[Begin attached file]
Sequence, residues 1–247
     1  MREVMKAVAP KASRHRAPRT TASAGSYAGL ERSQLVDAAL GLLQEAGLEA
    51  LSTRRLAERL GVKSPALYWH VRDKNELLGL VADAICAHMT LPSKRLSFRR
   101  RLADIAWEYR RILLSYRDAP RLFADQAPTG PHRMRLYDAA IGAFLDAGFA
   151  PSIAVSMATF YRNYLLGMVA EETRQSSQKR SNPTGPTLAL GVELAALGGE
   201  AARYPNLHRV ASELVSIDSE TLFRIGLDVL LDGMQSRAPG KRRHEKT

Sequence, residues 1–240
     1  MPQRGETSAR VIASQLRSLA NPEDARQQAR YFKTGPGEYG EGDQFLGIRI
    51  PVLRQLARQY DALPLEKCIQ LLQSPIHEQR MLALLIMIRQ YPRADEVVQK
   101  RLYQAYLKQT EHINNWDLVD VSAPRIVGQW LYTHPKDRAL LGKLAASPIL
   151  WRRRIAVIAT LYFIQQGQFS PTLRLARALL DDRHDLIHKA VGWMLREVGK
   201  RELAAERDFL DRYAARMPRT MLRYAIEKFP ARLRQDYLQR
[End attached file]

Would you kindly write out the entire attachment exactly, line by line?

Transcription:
Sequence, residues 1–247
     1  MREVMKAVAP KASRHRAPRT TASAGSYAGL ERSQLVDAAL GLLQEAGLEA
    51  LSTRRLAERL GVKSPALYWH VRDKNELLGL VADAICAHMT LPSKRLSFRR
   101  RLADIAWEYR RILLSYRDAP RLFADQAPTG PHRMRLYDAA IGAFLDAGFA
   151  PSIAVSMATF YRNYLLGMVA EETRQSSQKR SNPTGPTLAL GVELAALGGE
   201  AARYPNLHRV ASELVSIDSE TLFRIGLDVL LDGMQSRAPG KRRHEKT

Sequence, residues 1–240
     1  MPQRGETSAR VIASQLRSLA NPEDARQQAR YFKTGPGEYG EGDQFLGIRI
    51  PVLRQLARQY DALPLEKCIQ LLQSPIHEQR MLALLIMIRQ YPRADEVVQK
   101  RLYQAYLKQT EHINNWDLVD VSAPRIVGQW LYTHPKDRAL LGKLAASPIL
   151  WRRRIAVIAT LYFIQQGQFS PTLRLARALL DDRHDLIHKA VGWMLREVGK
   201  RELAAERDFL DRYAARMPRT MLRYAIEKFP ARLRQDYLQR